The last friend to see missing teenager Jack Burns alive has recalled the final moments the pair shared in the car together before he disappeared into bushland without a trace.
Jack, 18, was last seen getting out of a friend’s car shortly before 8pm on November 13, 2016, near Thornton train station in the NSW Hunter region, to go to bushland.
The Metford teenager did not have his phone or wallet with him and was wearing a faded blue singlet, blue board shorts and work boots.
He has not been seen or heard from since. His phone and social media accounts have been inactive since then.
Jack has been presumed dead since the night he was last seen on 13 November 2016 with no sightings.
Matt Hindwood and partner Courtney Jones, the last people to see Jack, recalled the encounter on the second day of the coroner’s inquest on Tuesday.
Jack Burns, 18, (pictured) was last seen getting out of a friend’s car in bushland near Thornton train station in the NSW Hunter region on the evening of November 13, 2016.
Matt Hindwood (pictured) was one of the last people to see Jack and recalled the encounter on the second day of the coroner’s inquest on Tuesday.
Jack had spent the previous 48 hours at their home after losing his job on Friday.
The pair became friends after meeting at TAFE nine months ago.
Mr. Hindwood came home on Friday afternoon and found Jack sleeping on his porch.
‘He was upset and didn’t seem himself,’ she told the inquest.
Jack spent most of that weekend drinking, watching movies and playing Monopoly with the couple and another friend at their East Maitland home.
Mr Hindwood gave evidence about Jack’s drug use that weekend.
‘He was definitely stressed, I could tell he wasn’t his usual funny self,’ he said.
On Sunday night, the situation escalated when Jack became agitated.
Mr Hindwood and Mrs Jones tried to calm Jack down and moments later, he got into the car with them to be dropped off at East Maitland train station.
During the drive, they stop to buy cigarettes at a nearby IGA before asking Jack to take them to Thornton Station instead.
But on Hausman Drive near Tripp Close, became agitated again and yelled for them to stop the car and let him go.
‘He grabbed the back of the seat and shook it,’ Mr Hindwood told the inquest.
He said the pair then spent five minutes smoking cigarettes together.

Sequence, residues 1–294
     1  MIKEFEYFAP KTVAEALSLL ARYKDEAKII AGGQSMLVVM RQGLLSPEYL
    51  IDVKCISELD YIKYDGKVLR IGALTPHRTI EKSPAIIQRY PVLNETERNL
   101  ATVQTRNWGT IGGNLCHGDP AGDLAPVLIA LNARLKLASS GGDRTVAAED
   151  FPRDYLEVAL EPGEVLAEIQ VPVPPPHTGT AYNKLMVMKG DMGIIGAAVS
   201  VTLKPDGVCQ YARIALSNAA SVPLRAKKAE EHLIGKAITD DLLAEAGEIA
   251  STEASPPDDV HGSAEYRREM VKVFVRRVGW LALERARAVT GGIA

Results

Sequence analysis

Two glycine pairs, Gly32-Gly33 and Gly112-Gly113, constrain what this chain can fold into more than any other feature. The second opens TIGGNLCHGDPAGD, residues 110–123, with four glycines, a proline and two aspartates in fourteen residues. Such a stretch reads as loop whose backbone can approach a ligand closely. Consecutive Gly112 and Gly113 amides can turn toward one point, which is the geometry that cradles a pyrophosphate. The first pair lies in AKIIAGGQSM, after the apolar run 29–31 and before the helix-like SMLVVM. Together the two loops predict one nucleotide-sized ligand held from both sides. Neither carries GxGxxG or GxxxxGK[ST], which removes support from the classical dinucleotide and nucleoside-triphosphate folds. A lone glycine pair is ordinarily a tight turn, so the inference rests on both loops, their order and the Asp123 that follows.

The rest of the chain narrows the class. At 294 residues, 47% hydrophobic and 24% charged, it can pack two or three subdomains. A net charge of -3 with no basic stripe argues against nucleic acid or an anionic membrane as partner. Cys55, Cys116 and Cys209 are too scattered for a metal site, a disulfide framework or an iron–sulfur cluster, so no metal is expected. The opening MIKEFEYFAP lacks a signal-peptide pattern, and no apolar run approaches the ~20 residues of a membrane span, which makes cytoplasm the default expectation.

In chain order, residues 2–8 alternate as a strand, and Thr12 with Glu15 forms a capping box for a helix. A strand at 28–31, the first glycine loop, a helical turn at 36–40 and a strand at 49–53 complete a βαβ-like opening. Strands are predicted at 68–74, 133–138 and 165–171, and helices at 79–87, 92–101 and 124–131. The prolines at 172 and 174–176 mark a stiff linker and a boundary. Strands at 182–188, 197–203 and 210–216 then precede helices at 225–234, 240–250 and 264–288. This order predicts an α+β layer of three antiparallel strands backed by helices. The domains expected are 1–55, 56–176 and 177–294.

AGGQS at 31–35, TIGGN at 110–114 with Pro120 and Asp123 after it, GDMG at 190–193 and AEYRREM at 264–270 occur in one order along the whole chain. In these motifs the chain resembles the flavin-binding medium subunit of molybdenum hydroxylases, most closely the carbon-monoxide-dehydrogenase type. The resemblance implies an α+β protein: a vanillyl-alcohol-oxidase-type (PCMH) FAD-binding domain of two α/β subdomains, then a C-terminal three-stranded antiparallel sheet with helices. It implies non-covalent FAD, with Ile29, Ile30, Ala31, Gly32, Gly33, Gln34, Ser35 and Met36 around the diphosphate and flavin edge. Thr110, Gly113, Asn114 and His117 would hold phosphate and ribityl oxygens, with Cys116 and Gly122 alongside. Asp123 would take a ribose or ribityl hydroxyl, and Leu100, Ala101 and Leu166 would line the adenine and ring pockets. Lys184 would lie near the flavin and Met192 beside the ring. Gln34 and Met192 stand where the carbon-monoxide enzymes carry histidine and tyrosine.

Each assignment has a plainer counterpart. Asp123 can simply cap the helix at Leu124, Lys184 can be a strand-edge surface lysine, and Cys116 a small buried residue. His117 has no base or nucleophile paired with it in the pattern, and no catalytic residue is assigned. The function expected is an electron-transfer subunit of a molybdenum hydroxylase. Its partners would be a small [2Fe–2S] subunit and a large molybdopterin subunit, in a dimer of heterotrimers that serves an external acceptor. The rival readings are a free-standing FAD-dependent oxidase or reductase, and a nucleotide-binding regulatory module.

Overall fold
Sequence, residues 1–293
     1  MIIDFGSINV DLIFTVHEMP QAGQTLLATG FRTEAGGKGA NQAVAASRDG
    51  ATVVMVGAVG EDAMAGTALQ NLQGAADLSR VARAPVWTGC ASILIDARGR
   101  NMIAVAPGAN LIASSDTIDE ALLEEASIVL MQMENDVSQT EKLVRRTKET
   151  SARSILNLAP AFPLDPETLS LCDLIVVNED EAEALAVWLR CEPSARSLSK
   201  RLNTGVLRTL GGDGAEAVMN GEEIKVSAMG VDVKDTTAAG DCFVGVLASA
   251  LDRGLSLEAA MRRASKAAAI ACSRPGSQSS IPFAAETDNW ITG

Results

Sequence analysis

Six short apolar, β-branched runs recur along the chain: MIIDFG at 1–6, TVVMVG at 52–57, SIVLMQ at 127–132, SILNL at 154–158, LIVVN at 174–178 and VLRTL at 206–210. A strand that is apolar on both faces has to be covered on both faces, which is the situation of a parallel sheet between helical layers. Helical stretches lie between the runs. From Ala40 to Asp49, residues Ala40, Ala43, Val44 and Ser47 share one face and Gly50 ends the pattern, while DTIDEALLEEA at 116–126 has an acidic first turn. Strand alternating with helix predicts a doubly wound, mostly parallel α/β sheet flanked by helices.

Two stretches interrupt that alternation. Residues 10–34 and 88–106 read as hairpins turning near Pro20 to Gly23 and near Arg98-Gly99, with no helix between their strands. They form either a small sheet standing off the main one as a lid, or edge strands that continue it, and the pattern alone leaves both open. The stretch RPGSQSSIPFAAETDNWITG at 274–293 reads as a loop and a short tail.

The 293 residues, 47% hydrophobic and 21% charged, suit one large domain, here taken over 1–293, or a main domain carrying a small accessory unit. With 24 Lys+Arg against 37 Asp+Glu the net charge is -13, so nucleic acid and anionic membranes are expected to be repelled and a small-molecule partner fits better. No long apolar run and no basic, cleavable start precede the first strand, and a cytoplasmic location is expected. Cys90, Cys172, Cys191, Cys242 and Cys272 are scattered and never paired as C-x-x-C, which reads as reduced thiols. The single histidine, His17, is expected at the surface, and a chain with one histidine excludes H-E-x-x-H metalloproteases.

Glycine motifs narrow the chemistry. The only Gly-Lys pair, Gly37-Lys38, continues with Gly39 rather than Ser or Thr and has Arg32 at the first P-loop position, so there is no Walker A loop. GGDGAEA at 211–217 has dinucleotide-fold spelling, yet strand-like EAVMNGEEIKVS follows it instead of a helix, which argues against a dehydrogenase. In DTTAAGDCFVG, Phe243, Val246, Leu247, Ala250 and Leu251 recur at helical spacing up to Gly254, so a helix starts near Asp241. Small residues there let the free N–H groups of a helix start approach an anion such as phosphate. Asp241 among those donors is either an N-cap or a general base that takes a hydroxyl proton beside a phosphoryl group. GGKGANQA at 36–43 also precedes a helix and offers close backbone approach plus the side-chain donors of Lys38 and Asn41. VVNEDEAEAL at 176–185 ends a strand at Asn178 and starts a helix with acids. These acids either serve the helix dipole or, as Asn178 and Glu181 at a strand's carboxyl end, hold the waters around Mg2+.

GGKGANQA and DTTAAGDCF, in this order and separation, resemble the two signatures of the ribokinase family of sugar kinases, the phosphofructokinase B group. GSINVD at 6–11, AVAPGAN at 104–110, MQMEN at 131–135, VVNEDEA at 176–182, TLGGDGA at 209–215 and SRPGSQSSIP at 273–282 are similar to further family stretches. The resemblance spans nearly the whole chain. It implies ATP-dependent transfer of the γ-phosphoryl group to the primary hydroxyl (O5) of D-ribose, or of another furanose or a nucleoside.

‘He started to calm down,’ Mr Hindwood recalled.
‘He said ‘I’m going to meet a mate up the road’ and I’ll see him tomorrow and not to stress.’
‘He hugged me and said, ‘See you tomorrow.’
He said he saw Jack going into the bushland.
‘He lived in a suburb and knew he had a lot of mates in the area so I wasn’t too worried,’ Mr Hindwood said.
Jack’s mother Karen Goodelz (right) and stepfather Michael were present for the second day, supported by Jack’s older brother and younger sisters Makayla and Mia.
Jack’s mother Karen Goodelz and stepfather Michael were present for the second day, supported by his older brother Cody and younger sisters Makayla and Mia. Members of his family are pictured outside Lidcombe Coroners Court where an inquest is being held
The next day, Mr. Hindwood goes to work and doesn’t discover that Jack is missing until that afternoon.
This comes after hearing harrowing details about Jack’s last days before his disappearance on the first day of the investigation.
In the days before her disappearance, she had lost her job due to an altercation with a colleague at work.
Jack asked his parents for $1,200 to help pay off his debt and sent a chilling Snapchat message to a friend that simply said ‘dead’.
The police’s efforts to locate Jack have also been questioned after his mother Karen Goodelz and stepfather Michael reported him missing the next day.
Detective Senior Constable Christopher Walker took over as officer-in-charge of the investigation eight days later on 21 November 2016, coinciding with the first major police search for Jack.
Police divers were not deployed to sweep local dams until late March 2017 when police dogs were called in for another two months.
Det Sr Const Walker told the court no risk assessment had been carried out on the basis of the urgency of the inquiry surrounding Jack’s disappearance.
Jack’s mother and stepfather attended for the second day, supported by his older brother Cody and younger sisters Makayla and Mia.
Deputy State Coroner Carmel Forbes told Jack’s family at the start of the inquest they would be given the chance to ‘bring the person back to life’ at the end of the evidence.
Jack Burns (back left) was not himself after losing his job on Friday, an inquest heard
The last friends to see missing Jack Barnes (pictured) alive have recalled the teenager’s final moments before he disappeared without a trace into the bushland.
Jack’s family hopes the investigation will finally bring the answers they have spent the last seven years searching for.
‘This is a day we have fought for a long time and we hope to get some answers,’ Ms Goodelz told reporters outside court on Monday.
‘This is an important first step in getting to the truth about what happened to Jack. We hope to bring our son home, whether he lives or not.’
‘We just have to be patient and we’re waiting to see what happens tomorrow and the day after.
Jack would be 25 if he were still alive today.
The inquest before Deputy State Coroner Carmel Forbes is expected to continue until Wednesday.
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